TRENTON, N.J. (AP) -- Environmentalists say flooding caused by Superstorm Sandy has highlighted the need to continue to buy open space.
They say some flood-prone properties should be bought from homeowners and preserved as wetlands.
New Jersey lawmakers are considering ways to replenish the state's open space preservation fund, which is broke.
Options include dedicating $200 million a year from sales taxes to open space, imposing a water-user fee or borrowing.
Proponents have long sought a permanent or pay-as-you-go funding source.
The Keep It Green coalition of environmental groups favors dedicating 2.5 percent of sales tax revenue.
The Sierra Club prefers a water-use surcharge. The group says the state can't afford more borrowing and the sales tax levy has been decreasing and could be needed to help pay for transportation projects.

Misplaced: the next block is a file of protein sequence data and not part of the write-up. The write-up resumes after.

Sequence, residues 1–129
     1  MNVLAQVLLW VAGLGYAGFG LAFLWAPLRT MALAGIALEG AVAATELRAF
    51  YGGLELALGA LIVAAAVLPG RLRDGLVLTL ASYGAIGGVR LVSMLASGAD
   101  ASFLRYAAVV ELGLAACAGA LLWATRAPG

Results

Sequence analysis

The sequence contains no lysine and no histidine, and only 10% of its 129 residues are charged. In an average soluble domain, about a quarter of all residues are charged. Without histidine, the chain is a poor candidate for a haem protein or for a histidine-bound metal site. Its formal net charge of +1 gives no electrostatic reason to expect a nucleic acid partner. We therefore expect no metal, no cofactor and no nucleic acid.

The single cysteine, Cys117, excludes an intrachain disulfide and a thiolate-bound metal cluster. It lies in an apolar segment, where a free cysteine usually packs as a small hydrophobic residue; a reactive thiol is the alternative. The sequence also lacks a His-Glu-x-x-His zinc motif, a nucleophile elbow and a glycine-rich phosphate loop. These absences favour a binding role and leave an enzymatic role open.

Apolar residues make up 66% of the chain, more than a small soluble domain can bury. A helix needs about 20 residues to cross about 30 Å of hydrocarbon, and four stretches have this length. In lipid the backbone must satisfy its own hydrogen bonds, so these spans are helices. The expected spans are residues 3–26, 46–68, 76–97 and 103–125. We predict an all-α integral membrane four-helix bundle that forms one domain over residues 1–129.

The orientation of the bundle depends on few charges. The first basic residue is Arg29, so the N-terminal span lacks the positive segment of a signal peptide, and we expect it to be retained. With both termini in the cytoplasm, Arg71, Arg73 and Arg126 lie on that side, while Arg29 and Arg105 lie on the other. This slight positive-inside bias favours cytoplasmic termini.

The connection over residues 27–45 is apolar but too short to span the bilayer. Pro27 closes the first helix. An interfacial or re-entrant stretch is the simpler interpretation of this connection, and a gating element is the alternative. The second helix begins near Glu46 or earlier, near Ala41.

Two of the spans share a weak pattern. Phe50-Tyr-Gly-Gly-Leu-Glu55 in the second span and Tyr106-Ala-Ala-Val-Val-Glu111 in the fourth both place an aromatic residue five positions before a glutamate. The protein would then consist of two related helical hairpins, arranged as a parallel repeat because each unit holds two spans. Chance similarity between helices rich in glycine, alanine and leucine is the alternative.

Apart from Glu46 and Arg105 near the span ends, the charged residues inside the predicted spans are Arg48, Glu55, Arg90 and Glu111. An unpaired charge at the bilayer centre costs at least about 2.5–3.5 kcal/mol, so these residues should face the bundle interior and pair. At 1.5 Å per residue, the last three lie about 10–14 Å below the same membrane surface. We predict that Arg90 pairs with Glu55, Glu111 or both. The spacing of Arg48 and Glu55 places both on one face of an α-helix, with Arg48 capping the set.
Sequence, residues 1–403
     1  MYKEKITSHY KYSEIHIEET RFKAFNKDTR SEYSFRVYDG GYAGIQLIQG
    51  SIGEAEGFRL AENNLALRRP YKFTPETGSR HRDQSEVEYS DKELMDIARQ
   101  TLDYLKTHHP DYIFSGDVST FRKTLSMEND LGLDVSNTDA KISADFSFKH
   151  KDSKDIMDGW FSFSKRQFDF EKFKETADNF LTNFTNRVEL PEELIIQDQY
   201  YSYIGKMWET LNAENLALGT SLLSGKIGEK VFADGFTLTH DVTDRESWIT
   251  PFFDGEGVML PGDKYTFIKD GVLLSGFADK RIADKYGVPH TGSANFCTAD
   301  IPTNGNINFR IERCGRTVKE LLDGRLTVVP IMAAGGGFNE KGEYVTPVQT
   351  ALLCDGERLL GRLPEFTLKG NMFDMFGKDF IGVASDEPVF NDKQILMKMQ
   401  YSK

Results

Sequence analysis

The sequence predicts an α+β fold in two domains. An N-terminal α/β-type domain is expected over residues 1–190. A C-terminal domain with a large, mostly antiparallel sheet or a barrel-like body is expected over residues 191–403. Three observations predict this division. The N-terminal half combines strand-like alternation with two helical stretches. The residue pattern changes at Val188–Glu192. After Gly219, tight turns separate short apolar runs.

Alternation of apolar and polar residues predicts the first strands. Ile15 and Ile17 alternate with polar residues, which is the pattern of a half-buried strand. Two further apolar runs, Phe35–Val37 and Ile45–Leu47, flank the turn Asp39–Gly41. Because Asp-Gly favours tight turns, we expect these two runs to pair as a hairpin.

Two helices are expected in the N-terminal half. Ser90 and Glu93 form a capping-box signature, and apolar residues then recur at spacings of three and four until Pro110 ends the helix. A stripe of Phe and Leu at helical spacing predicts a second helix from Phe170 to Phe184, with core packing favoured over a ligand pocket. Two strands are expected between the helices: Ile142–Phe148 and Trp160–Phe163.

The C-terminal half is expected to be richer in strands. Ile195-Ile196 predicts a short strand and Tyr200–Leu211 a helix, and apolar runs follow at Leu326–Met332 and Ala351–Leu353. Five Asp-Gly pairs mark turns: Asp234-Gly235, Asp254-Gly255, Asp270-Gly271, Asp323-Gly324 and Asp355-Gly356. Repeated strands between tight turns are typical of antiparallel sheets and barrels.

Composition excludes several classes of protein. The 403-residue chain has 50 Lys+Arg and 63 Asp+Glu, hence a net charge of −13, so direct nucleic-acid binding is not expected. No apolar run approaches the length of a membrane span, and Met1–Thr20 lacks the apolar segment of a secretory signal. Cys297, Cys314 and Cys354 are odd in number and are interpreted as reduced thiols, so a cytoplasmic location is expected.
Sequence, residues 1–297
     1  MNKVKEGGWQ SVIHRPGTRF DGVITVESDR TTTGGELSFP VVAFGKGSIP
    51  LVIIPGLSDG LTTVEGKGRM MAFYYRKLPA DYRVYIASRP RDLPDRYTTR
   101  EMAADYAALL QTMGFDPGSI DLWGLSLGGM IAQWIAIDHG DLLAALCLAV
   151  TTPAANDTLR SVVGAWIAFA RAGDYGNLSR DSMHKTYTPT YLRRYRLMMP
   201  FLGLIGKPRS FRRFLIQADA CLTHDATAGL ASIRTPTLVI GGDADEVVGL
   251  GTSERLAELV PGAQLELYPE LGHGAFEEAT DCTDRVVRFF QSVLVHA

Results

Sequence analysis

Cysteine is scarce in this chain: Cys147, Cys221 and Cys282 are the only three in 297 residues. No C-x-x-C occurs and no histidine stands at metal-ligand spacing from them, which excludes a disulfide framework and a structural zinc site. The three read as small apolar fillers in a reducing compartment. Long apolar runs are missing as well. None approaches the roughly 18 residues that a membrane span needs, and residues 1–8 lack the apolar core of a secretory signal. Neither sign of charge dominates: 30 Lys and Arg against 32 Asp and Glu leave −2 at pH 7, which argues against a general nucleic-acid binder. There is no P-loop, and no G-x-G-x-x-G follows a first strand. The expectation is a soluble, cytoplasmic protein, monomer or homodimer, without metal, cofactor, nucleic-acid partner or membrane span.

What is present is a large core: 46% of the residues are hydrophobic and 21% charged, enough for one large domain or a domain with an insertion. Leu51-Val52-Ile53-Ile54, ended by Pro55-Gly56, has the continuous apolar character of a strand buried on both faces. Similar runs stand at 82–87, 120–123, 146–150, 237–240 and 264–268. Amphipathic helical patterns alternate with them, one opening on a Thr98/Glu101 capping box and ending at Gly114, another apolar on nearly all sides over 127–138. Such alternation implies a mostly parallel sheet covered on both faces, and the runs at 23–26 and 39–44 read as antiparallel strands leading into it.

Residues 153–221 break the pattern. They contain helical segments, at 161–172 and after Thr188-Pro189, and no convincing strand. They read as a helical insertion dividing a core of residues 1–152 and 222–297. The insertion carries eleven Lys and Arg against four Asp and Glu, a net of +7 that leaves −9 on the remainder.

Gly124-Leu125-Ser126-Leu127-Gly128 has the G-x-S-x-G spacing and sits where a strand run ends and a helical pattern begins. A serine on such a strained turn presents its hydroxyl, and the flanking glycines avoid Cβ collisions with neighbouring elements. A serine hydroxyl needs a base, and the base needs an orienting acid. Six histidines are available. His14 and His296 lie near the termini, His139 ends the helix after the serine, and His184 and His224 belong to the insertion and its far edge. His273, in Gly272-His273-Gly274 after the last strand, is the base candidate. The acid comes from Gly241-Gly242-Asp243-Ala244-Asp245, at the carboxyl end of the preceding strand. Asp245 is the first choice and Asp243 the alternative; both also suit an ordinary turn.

June 19 is National Dine Out Day. Restaurants and vendors across the country are contributing a percentage of their revenues for the day to the NJ Relief Fund to benefit Superstorm Sandy victims.
One bird may have been responsible for several hundred Hoboken residents losing power.
One bird may have been responsible for several hundred Hoboken residents losing power. A spokeswoman for Public Service Electric & Gas says the bird touched a transformer on Clinton Street near Columbus Park Wednesday morning.